(b)
the taxpayer’s revised return is treated for all purposes of this Act as notice of the amended income tax assessment served on the taxpayer by the Commissioner- General on the day on which the revised return was furnished by the taxpayer.
(6)
If a notice of an income tax assessment (in this section referred to as the “original assessment”) has been amended under subsection (1) or (5), the Commissioner-General may further amend the original assessment within the later of —
(a)
six years after the Commissioner-General income tax assessment has served or is treated as having served notice of the original assessment on the income taxpayer; or
Income and Sales Tax Act, 2004 100
(b)
one year after the Commissioner-General has served or is treated as having served notice of the amended income tax assessment on the income taxpayer.
(7)
As soon as possible after making an amended assessment under subsection (1) or (6), the Commissioner-General shall serve the income taxpayer with notice of the amended income tax assessment stating —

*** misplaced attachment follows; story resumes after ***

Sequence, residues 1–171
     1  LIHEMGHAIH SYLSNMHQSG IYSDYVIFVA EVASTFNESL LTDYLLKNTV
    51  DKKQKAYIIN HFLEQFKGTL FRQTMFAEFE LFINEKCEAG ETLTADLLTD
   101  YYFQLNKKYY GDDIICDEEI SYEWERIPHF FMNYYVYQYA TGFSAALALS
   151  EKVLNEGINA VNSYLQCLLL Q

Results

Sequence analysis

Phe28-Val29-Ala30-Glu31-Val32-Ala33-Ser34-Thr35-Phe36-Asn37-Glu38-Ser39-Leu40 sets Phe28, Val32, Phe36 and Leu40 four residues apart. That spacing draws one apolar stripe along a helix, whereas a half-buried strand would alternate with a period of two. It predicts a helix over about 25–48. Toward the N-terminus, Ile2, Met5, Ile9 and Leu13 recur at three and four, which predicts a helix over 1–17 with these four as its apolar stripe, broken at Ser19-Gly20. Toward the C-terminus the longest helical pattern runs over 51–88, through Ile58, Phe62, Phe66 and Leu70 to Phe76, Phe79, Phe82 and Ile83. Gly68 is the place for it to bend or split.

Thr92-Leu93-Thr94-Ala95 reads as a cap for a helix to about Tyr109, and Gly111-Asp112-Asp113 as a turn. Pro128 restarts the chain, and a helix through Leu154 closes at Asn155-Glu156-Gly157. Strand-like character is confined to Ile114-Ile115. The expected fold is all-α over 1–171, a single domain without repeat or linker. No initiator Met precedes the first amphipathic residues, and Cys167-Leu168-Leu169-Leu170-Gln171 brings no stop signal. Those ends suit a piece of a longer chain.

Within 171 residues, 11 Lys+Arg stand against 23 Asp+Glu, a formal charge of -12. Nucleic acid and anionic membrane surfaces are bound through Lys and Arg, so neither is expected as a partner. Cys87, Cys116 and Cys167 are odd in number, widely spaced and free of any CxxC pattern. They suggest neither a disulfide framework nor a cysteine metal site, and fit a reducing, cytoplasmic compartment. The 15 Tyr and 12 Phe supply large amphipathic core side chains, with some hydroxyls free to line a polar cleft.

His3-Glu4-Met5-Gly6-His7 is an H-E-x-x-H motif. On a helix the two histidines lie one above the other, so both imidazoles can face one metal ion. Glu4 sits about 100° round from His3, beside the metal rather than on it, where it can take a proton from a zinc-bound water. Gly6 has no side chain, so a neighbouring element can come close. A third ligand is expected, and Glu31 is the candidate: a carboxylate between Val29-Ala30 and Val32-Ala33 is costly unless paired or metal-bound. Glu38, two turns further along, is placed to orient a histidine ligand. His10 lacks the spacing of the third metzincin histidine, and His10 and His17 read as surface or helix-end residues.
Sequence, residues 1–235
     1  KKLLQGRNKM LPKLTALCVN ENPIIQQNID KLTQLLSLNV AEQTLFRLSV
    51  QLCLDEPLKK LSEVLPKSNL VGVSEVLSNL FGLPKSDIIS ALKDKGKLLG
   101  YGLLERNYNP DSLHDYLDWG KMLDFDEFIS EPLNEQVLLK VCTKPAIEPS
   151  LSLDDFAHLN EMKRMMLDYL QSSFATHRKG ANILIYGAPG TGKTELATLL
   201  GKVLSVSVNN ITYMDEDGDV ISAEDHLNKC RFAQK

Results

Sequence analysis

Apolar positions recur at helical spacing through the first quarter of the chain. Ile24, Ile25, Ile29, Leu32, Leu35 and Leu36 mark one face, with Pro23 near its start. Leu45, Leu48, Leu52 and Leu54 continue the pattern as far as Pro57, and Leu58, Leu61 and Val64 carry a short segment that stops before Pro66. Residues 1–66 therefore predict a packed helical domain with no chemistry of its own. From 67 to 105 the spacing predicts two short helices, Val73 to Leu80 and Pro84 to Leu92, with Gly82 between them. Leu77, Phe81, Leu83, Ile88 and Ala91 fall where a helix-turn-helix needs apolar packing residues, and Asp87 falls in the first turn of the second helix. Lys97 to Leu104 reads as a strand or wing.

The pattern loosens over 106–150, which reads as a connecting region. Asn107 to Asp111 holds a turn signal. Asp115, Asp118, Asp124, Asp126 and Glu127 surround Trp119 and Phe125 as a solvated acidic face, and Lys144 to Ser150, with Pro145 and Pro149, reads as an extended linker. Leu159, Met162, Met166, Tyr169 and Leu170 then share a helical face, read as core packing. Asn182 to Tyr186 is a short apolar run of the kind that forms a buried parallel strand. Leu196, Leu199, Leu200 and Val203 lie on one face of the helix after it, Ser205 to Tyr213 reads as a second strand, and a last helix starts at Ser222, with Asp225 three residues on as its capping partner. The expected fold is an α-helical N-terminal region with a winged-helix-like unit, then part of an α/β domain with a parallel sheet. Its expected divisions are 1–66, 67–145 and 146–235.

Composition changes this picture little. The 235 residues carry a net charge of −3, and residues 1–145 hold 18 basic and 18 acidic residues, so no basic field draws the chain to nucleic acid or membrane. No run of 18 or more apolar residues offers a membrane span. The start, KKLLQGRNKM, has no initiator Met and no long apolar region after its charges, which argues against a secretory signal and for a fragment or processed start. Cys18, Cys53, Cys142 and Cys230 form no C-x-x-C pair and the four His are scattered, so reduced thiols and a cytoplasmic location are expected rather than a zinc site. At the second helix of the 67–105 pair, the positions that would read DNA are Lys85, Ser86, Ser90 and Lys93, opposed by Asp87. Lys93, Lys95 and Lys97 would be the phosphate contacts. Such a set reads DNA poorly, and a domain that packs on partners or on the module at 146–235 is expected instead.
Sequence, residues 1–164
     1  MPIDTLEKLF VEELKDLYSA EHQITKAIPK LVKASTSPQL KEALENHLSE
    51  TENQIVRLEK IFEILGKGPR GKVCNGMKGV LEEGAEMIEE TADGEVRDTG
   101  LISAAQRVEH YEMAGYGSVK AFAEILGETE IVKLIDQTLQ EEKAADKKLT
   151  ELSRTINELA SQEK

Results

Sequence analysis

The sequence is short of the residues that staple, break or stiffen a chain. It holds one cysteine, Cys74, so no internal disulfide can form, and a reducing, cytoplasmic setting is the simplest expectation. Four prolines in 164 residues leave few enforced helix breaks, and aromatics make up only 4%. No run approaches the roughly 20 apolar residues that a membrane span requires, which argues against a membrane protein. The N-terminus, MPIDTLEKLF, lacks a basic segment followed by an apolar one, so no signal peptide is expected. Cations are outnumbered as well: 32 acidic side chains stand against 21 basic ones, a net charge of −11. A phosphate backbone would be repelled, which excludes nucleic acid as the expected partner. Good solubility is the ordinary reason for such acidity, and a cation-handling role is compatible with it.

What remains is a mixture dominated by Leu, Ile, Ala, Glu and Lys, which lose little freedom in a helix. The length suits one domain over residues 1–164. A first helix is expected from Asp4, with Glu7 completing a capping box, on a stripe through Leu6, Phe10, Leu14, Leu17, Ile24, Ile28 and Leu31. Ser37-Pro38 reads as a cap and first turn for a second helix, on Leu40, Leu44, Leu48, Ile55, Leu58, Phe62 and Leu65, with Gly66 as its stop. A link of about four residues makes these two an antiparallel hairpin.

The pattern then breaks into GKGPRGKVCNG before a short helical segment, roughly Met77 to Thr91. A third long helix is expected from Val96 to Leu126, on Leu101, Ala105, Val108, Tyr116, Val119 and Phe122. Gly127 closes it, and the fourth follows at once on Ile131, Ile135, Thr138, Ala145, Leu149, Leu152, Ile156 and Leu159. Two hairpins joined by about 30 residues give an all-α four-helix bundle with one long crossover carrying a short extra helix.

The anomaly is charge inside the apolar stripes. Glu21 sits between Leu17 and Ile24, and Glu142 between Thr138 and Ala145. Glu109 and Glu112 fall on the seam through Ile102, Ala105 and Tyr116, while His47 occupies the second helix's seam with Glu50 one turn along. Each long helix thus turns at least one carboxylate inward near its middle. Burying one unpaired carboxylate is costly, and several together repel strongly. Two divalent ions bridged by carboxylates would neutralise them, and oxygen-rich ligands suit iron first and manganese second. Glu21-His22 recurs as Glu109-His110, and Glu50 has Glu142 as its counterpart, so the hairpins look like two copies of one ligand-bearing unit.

(a)
the revised chargeable income of the taxpayer;
(b)
the revised amount of income tax due;
(C)
the amount of income tax paid, if any;
(d)
the amount of any penalty and interest payable (if any) in respect of the income tax due; and
(e)
the time, place, and manner of objecting to the amended
(8)
An amended income tax assessment is treated in all respects as an income tax assessment for the purposes of this Act, other than for the purposes of subsection (1).

85. (1) As soon as is reasonably practicable after expiry of the time allowed under this Act for the furnishing of income tax returns for a tax year, the Commissioner-General shall prepare a list (in this section referred to as an “assessment list”) of income taxpayers for that year.

(2)An assessment list shall state —

Income and Sales Tax Act, 2004 101

(a)
the taxpayer’s name and address;
(b)
the amount of chargeable income of the taxpayer for the year
(c)